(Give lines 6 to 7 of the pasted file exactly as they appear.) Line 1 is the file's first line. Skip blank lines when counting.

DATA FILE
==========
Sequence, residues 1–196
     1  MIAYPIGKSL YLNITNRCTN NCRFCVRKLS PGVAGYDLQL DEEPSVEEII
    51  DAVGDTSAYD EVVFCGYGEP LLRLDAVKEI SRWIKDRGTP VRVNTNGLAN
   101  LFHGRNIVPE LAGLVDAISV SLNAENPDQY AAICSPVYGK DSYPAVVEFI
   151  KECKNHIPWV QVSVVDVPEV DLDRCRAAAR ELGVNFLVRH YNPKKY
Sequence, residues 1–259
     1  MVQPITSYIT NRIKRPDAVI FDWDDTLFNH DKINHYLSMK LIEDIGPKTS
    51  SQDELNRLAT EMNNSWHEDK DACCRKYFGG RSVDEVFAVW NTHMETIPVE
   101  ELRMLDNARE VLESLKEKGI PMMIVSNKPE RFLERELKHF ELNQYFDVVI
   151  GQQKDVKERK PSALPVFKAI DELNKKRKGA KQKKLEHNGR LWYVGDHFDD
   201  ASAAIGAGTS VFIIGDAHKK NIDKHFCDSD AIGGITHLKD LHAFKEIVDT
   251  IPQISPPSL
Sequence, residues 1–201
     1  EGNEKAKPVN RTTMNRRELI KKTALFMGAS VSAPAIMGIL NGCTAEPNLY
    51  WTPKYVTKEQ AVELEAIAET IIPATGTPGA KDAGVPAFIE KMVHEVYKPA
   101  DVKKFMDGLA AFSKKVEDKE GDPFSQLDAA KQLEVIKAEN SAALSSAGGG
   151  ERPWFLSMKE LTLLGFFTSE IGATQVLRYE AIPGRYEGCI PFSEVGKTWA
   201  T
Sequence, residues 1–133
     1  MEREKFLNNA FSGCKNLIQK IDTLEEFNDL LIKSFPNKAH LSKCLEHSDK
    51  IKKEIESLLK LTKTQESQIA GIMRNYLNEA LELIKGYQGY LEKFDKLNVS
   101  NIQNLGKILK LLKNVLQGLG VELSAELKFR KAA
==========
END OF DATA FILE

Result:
Sequence, residues 1–259
     1  MVQPITSYIT NRIKRPDAVI FDWDDTLFNH DKINHYLSMK LIEDIGPKTS